Faced with an unprecedented drought this year, combined with the onset of the El Niño weather phenomenon, administrators at the Panama Canal have cut the draft restrictions for ships transiting its larger neopanamax locks by 2 m as well as slashing the volume of daily transits by 20% to just 32 vessels a day. These measures have seen ships backing up in significant numbers at either end of the canal. Today’s official total count is 129 ships, down from the peak of 165 earlier this month, but still 43% higher than the average.

August 31: U.S. West Coast Port Workers Ratify Contract Agreement – Reuters

U.S. dockworkers have ratified a six-year contract that improved pay and benefits for 22,000 employees at 29 ports stretching from California to Washington State.

Members of the ILWU voted 75% in favour of approving the West Coast port worker agreement that will expire on July 1, 2028. The deal, which is retroactive to July 1, 2022, includes a 32% pay increase over the span of the contract as well as a one-time bonus for working through the early days of the COVID pandemic.




August 10: Air Canada Ranks Last in On-Time Performance Among 10 Biggest North American Airlines – CTV News

A new report says Air Canada ranked last in on-time performance among the 10 largest airlines in North America, as some carriers north of the border struggle to find their post-pandemic footing despite much better outcomes than the travel chaos of 2022.

Canada’s biggest carrier landed 51 percent of its flights on time last month, according to figures from aviation data firm Cirium.

WestJet, which placed seventh, saw 62 percent of its trips make it to the gate on time – defined as within 15 minutes of scheduled arrival.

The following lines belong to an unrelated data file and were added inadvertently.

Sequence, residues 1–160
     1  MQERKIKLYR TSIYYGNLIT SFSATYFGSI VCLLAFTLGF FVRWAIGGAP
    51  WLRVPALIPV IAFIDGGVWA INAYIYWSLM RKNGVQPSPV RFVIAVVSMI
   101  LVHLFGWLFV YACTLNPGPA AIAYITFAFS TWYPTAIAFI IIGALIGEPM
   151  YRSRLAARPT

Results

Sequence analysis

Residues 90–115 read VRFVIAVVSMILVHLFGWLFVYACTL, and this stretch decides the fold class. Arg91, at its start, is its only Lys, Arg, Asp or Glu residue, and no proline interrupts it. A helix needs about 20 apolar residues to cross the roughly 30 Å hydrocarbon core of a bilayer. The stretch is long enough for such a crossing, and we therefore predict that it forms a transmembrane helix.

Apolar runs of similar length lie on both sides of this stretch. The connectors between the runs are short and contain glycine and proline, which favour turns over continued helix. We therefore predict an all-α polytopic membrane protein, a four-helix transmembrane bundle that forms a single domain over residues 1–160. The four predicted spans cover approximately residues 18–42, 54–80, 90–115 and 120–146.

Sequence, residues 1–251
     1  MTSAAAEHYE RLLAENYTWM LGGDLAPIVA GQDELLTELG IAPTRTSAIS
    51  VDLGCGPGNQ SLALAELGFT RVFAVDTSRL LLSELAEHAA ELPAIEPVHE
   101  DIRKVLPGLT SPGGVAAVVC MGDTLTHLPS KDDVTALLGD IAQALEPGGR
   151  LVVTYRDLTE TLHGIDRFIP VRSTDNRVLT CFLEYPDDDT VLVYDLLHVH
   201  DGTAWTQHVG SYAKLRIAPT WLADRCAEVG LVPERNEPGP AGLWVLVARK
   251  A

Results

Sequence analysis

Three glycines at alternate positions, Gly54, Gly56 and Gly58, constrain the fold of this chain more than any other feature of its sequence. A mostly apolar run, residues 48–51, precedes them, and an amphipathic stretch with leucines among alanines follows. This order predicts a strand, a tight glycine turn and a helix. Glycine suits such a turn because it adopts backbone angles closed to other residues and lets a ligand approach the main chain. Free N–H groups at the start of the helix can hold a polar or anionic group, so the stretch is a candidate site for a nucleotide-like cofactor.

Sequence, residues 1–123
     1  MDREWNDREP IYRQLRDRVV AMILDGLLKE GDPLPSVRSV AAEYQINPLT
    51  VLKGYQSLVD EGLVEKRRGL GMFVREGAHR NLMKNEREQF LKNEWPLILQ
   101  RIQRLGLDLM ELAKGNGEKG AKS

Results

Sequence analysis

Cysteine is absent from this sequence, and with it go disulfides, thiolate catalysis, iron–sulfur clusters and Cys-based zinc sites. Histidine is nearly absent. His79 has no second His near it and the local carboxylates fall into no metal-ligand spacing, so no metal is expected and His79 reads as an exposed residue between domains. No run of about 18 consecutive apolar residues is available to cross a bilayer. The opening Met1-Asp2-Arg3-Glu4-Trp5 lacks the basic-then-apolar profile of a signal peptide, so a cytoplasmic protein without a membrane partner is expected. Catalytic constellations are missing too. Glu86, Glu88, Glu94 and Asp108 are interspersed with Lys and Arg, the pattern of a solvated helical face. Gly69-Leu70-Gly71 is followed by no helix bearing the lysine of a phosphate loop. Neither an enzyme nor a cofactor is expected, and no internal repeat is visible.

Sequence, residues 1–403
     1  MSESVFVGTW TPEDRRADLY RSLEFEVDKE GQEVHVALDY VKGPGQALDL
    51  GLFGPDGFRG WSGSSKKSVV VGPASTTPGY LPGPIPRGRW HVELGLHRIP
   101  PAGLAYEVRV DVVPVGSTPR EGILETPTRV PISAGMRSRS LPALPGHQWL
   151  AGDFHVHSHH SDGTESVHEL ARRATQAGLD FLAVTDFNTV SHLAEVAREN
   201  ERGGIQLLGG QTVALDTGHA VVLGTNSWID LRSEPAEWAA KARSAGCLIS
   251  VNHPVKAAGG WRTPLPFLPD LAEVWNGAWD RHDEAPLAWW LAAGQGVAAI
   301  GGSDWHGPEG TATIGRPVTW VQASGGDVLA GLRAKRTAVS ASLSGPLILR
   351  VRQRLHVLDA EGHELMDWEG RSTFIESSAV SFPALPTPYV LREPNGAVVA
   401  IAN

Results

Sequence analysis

August 4: Yellow Shutdown May Lead to Sticker Shock for Shippers, Analysts Say – Supply Chain Dive

Yellow Corp.’s shutdown has left shippers without a major player in the less-than-truckload space – a development that means higher costs are likely in store, according to trucking industry analysts.

“There’s probably going to be an increase in the pricing charged to the shipper,” said Craig Decker, who leads investment banking activities across supply chain, logistics and transportation areas at Brown Gibbons Lang & Co.

The price difference could be a 20% to 25% price per pound increase depending on the circumstances, DAT Chief of Analytics Ken Adamo suggested on a weekly market update show. All together, he said the price increases could be 7% to 10%.

August 7: Industry Responds to Heightened Cargo Theft – FleetOwner

Cargo theft trends came out of 2022 with severe momentum. That trend has continued with elevated numbers for the second quarter of 2023, causing industry stakeholders to caution carriers and offer information on how to protect freight.

“Cargo theft is at a 10-year high right now,” said Scott Cornell, transportation lead and crime and theft specialist at Travelers. “January was up 61% year over year, February was up 49% year over year, and March was up 82% year over year.”

Cargo theft security network CargoNet recorded 582 thefts across the U.S. and Canada in the second quarter of 2023, a 57% increase compared with the second quarter of 2022. These shipments were valued at over $44 million altogether. Notably, the average shipment value per theft increased nearly $100,000 to $260,703 as thieves focused increasingly on high-value shipments.

Strategic theft, or theft using deceptive means such as stolen identities instead of force or the threat of force, are primarily to blame for the increase. According to CargoNet, much of the increase is due to ongoing shipment misdirection attacks, a kind of strategic cargo theft in which actors use stolen motor carrier and logistics broker identities to obtain freight and misdirect it from the intended receiver so they could steal it.

“If you separate out the strategic theft category,” Cornell said, “from November to March… that’s up over 600%.”

August 8: Today’s Freight Fraudsters Are Sophisticated, Brazen, and Coming for Your Cargo – Today’s Trucking

Loadboards in the U.S. have recently taken steps to increase their screening of the brokers and carriers in their networks to help prevent double brokering crime. Fortunately, such sophisticated freight fraud is less prevalent in Canada than in the U.S., according to Claudia Milicevic, president of Canada-run Loadlink Technologies.